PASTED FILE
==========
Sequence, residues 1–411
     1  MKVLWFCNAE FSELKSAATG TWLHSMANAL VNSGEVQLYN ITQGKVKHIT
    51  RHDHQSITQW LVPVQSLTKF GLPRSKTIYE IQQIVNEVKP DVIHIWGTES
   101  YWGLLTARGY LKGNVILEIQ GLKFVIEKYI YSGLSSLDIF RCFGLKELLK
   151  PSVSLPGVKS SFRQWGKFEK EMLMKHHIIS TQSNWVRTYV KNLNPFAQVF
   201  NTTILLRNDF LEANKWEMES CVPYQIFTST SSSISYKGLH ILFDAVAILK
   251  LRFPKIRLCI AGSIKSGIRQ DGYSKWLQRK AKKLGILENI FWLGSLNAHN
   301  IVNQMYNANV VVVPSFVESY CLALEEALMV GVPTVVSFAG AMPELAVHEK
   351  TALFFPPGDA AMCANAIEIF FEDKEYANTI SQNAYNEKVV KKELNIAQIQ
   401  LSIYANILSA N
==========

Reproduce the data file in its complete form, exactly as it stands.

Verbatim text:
Sequence, residues 1–411
     1  MKVLWFCNAE FSELKSAATG TWLHSMANAL VNSGEVQLYN ITQGKVKHIT
    51  RHDHQSITQW LVPVQSLTKF GLPRSKTIYE IQQIVNEVKP DVIHIWGTES
   101  YWGLLTARGY LKGNVILEIQ GLKFVIEKYI YSGLSSLDIF RCFGLKELLK
   151  PSVSLPGVKS SFRQWGKFEK EMLMKHHIIS TQSNWVRTYV KNLNPFAQVF
   201  NTTILLRNDF LEANKWEMES CVPYQIFTST SSSISYKGLH ILFDAVAILK
   251  LRFPKIRLCI AGSIKSGIRQ DGYSKWLQRK AKKLGILENI FWLGSLNAHN
   301  IVNQMYNANV VVVPSFVESY CLALEEALMV GVPTVVSFAG AMPELAVHEK
   351  TALFFPPGDA AMCANAIEIF FEDKEYANTI SQNAYNEKVV KKELNIAQIQ
   401  LSIYANILSA N